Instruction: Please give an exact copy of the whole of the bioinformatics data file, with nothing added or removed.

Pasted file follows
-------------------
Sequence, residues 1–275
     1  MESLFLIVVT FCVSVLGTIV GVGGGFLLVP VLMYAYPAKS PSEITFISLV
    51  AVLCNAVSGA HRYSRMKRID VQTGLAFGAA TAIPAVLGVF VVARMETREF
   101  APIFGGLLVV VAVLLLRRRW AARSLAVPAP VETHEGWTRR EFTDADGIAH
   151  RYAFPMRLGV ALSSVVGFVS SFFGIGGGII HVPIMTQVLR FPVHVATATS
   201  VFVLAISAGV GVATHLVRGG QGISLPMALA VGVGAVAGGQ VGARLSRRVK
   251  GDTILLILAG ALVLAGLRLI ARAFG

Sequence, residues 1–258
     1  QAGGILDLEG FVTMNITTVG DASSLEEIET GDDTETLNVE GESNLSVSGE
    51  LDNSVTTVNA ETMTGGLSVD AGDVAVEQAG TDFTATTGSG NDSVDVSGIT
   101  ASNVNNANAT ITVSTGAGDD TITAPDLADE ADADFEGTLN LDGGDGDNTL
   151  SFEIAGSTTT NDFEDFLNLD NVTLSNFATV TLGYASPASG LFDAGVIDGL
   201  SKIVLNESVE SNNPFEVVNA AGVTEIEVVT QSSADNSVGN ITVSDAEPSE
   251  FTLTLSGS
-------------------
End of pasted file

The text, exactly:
Sequence, residues 1–275
     1  MESLFLIVVT FCVSVLGTIV GVGGGFLLVP VLMYAYPAKS PSEITFISLV
    51  AVLCNAVSGA HRYSRMKRID VQTGLAFGAA TAIPAVLGVF VVARMETREF
   101  APIFGGLLVV VAVLLLRRRW AARSLAVPAP VETHEGWTRR EFTDADGIAH
   151  RYAFPMRLGV ALSSVVGFVS SFFGIGGGII HVPIMTQVLR FPVHVATATS
   201  VFVLAISAGV GVATHLVRGG QGISLPMALA VGVGAVAGGQ VGARLSRRVK
   251  GDTILLILAG ALVLAGLRLI ARAFG

Sequence, residues 1–258
     1  QAGGILDLEG FVTMNITTVG DASSLEEIET GDDTETLNVE GESNLSVSGE
    51  LDNSVTTVNA ETMTGGLSVD AGDVAVEQAG TDFTATTGSG NDSVDVSGIT
   101  ASNVNNANAT ITVSTGAGDD TITAPDLADE ADADFEGTLN LDGGDGDNTL
   151  SFEIAGSTTT NDFEDFLNLD NVTLSNFATV TLGYASPASG LFDAGVIDGL
   201  SKIVLNESVE SNNPFEVVNA AGVTEIEVVT QSSADNSVGN ITVSDAEPSE
   251  FTLTLSGS